WOW: Europe’s Airlines Rake In $31 Billion From Ancillary Revenue

European airlines snagged a staggering $31.5bn in ancillary revenue over the past 12 months, according to a recently published study. Ancillary revenue in Europe has risen by 122% in just four years, and globally by just over 100%. In total, the value of ancillary revenue to airlines all over the world is estimated to be $75.6bn, and is predicted to continue to rise in the coming years too.

Ancillary revenue
European airlines are leading the way in ancillary revenue. Photo: Getty Images

Europe leads the way on ancillary revenue

A new piece of research issued by CarTrawler in partnership with IdeaWorks has evaluated just how much money airlines are making on so-called ancillary revenue. This is revenue derived from everything other than ticket sales, and encompasses things like seat reservations, checked bags and buy on board refreshments, as well as extras booked through the airline’s platform like hotels and rental cars.

The research showed that, for the 2019 calculation, the European region (which includes Russia in this study) led the way on ancillary revenue generation. The region netted $31.5bn from ancillary sales, up more than 120% since 2015 when it was estimated to be worth $14.2bn.

Ancillary revenue
Checking in a bag can often come at a cost. Photo: British Airways

Coming in a close second was the Asia/Pacific region, at $21.1bn. This region had the largest growth since 2015 of 158%. North America was next, with revenues of $14.8bn, up just 38% from 2015’s figure of $10.8bn, while Africa and the Middle East achieved $5bn. Although a small number, this region had the second-highest level of growth, boosting sales by 147% since 2015.

Bringing up the rear is Latin America and the Caribbean. Here, revenue reached $3.2bn in 2019, up 112% from 2015’s figures. Overall, this put the global value of ancillary sales at a staggering $75.6bn, double the $36.7bn achieved in 2015.

What’s behind Europe’s massive revenue share?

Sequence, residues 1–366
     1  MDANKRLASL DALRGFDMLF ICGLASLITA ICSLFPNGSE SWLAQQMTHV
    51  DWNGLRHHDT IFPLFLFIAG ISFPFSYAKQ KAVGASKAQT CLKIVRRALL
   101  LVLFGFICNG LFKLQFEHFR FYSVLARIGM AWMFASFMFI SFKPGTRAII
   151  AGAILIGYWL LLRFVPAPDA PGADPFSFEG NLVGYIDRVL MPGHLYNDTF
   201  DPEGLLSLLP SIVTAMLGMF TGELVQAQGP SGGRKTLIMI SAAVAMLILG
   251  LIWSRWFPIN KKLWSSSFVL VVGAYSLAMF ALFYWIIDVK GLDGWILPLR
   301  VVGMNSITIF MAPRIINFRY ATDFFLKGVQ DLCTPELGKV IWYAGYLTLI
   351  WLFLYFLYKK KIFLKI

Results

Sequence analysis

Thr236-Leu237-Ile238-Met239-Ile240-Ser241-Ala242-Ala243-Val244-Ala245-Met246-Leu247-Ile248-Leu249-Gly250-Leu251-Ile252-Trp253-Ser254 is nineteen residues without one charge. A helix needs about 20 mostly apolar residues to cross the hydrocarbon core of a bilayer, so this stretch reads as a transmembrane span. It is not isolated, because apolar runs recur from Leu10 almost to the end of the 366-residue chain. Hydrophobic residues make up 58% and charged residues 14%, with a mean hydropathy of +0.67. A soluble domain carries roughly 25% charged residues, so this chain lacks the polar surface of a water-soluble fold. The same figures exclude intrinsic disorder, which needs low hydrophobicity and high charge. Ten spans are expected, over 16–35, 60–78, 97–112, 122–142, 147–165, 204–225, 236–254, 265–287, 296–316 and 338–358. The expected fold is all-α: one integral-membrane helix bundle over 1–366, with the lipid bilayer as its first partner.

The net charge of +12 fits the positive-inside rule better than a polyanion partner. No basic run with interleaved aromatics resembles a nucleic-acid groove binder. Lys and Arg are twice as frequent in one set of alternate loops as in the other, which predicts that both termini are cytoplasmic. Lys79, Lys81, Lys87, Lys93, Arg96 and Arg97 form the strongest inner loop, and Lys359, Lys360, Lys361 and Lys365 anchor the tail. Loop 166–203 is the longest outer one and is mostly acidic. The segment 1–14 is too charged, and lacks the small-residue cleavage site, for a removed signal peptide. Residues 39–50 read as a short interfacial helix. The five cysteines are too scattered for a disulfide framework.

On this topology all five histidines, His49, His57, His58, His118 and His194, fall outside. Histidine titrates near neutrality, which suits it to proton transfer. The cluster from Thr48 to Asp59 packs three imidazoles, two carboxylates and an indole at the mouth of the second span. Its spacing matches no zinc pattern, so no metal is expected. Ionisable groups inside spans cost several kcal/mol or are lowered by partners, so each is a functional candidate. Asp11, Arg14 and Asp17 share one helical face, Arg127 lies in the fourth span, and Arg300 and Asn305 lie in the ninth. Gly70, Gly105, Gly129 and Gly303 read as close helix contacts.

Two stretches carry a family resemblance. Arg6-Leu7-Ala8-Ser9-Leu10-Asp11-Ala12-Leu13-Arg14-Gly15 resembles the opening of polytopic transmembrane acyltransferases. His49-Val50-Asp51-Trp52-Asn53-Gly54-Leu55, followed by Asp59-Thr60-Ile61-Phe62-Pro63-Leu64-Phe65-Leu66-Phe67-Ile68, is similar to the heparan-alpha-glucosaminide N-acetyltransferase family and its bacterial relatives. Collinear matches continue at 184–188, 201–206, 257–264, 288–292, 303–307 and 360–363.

Anyone who’s traveled in Europe will be acutely aware of the increasingly inventive methods employed by low-cost carriers to extract money from passengers. Just making a booking on Ryanair means clicking through multiple pages of ‘upsell’ attempts, but are the low-cost carriers solely to blame?

British Airways BA 747
Almost three-quarters of the ancillary revenue generated in Europe was from full-service airlines. Photo: Getty

Actually, it appears not. Of the revenue generated in Europe throughout 2019, only 27.1% was accounted for by low-cost carriers. That’s only just over a quarter! The other 72.9% was generated by full-service airlines, such as Lufthansa, British Airways, KLM and others.

European fliers will be familiar with British Airways’ switch to buy on board for short-haul flights. Other airlines have been doing their bit to boost ancillary sales too, with Aeroflot introducing basic economy in 2019 and SAS even setting up a whole separate business unit to grow its ancillary revenue.

Despite the full-service airlines pitching in with their own ancillary revenue streams, low-cost carriers still led the way. The top three airlines for generating ancillary revenue in Europe, unsurprisingly, were easyJet, Ryanair and Eurowings. Overall, ancillary revenue continued 11.8% of total airline revenue in Europe over the course of last year.

Lufthansa’s low-cost arm Eurowings was one of the biggest generators of ancillary revenue. Photo: Getty

The unbundling continues

Studies like this just go to show how much airlines rely on ancillary revenue to bolster their main earnings. It’s also a clear demonstration of just how much impact Europe’s low-cost carriers are having on the aviation marketplace. As LCCs have driven fares down, full-service airlines are increasingly coming under pressure to unbundle services so that their own fares can remain competitive.

The divide that once clearly separated the LCC from the full service, traditional airline is becoming more blurred every day. As more airlines adopt basic economy fare tiers, their share of ancillary revenue will continue to rise. At the current trajectory, the global value of ancillary revenue could pass $100bn within the next five years, particularly as airlines in other geographies strive to catch up.

How do you feel about ancillary revenue? Do you prefer to pay for what you need, or would you rather use all-inclusive services where everything is taken care of?